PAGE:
So I’m assuming it’s safe to conclude that there will be plenty of others out there who are still in the position I was in yesterday, wondering just when it’s going to be their turn. And it occurred to me that maybe if I were to present my experiences not as a journey but as a 24-hour day, they might draw some comfort from the realisation that the phrase late in the day is not a synonym for never. You never know what’s just around the corner. So . . . here’s my timeline, for what it’s worth.
00.00: born – not writing just yet
02.00 – 03.00: love of books inspired by Saturday morning trips to the library
03.00 – 05.00: imagination stirred by Buchan, Stevenson, Haggard, Forrester. First hints of interest in writing adventure stories under the misapprehension that longer = better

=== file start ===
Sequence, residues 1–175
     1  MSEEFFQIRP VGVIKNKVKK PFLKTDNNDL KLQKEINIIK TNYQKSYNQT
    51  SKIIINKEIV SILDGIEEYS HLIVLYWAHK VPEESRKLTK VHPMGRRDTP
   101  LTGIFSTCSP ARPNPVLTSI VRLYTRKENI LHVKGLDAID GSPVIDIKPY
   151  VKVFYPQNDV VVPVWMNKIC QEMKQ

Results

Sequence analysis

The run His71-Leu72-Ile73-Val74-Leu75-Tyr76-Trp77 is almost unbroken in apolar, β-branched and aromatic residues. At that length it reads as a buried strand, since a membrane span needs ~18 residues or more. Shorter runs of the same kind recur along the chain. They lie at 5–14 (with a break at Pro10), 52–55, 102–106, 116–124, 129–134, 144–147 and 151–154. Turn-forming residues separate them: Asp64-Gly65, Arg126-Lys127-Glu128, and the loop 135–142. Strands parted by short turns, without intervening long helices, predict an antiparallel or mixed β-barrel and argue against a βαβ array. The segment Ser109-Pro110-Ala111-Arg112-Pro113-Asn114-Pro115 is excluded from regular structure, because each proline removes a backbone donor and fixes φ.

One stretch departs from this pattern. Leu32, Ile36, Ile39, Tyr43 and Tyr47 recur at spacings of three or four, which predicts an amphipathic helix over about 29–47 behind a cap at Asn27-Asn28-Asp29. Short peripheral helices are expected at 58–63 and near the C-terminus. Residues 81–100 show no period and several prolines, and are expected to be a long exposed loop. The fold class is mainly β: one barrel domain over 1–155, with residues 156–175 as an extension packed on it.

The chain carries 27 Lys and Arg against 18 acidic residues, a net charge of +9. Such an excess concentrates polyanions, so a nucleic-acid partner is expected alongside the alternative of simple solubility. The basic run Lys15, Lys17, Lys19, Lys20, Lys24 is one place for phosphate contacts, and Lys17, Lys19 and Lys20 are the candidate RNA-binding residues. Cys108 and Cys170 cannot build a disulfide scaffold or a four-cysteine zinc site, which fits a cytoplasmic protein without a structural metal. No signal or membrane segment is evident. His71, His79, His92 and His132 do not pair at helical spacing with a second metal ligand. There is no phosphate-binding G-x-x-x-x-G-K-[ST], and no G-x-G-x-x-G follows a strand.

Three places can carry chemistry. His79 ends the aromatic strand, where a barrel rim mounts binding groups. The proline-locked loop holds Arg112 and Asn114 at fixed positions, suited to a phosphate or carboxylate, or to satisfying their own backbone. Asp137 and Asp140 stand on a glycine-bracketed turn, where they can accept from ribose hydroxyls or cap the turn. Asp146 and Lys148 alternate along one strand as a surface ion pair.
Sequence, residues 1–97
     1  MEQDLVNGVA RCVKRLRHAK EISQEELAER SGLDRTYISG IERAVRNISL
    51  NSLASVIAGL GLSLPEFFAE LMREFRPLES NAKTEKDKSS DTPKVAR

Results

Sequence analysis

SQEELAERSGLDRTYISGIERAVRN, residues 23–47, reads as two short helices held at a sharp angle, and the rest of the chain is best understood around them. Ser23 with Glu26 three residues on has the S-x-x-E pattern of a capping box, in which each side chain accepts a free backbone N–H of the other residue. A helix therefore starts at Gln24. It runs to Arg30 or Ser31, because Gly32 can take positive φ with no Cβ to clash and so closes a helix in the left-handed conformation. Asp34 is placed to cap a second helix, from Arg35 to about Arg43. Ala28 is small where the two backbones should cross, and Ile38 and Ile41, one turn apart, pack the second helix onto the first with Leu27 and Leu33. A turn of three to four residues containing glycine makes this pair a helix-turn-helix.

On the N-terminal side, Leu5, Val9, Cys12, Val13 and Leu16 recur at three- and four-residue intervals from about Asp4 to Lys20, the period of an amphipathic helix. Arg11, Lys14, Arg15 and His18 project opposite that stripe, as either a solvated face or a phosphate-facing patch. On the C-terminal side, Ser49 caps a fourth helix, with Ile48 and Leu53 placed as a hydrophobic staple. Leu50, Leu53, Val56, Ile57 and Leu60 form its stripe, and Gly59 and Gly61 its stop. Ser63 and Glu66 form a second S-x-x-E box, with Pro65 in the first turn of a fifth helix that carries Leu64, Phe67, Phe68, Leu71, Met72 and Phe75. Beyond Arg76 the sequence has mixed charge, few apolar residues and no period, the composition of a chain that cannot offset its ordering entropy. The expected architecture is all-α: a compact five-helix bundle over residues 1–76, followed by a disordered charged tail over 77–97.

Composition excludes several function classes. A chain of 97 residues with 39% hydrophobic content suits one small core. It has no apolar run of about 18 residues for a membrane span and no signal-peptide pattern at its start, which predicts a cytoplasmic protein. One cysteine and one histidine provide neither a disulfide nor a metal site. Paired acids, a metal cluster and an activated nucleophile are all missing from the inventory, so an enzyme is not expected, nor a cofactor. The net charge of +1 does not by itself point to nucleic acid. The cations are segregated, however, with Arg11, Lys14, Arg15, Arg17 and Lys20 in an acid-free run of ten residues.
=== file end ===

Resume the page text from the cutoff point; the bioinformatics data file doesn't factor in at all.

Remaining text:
05.00 – 07.00: Hardy, Dickens, Eliot, the Brontes and Austen. Writing tending towards the romantic with lashings of saccharine and self-pity
07.00 – 12.00: first attempt at a novel. Highly derivative (into Tom Sharpe). Attention from an agent and generous compliments from a distinguished publisher. Close . . . but no cigar
12.00 – 19.00: extremely prolonged afternoon nap, taken under the guise of chasing career, raising family, the usual suspects. A few short stories entered for competitions, two or three novels submitted directly to slush piles, enough activity to offer a hint of a pulse but the patient’s essentially sleepwalking
19.00 – 20.00: part-time MA in Creative Writing at the University of Chichester. Otherwise known as the last throw of the dice. A chance to find out just how good I am. Also a chance to swallow huge doses of humble pie on learning the answer.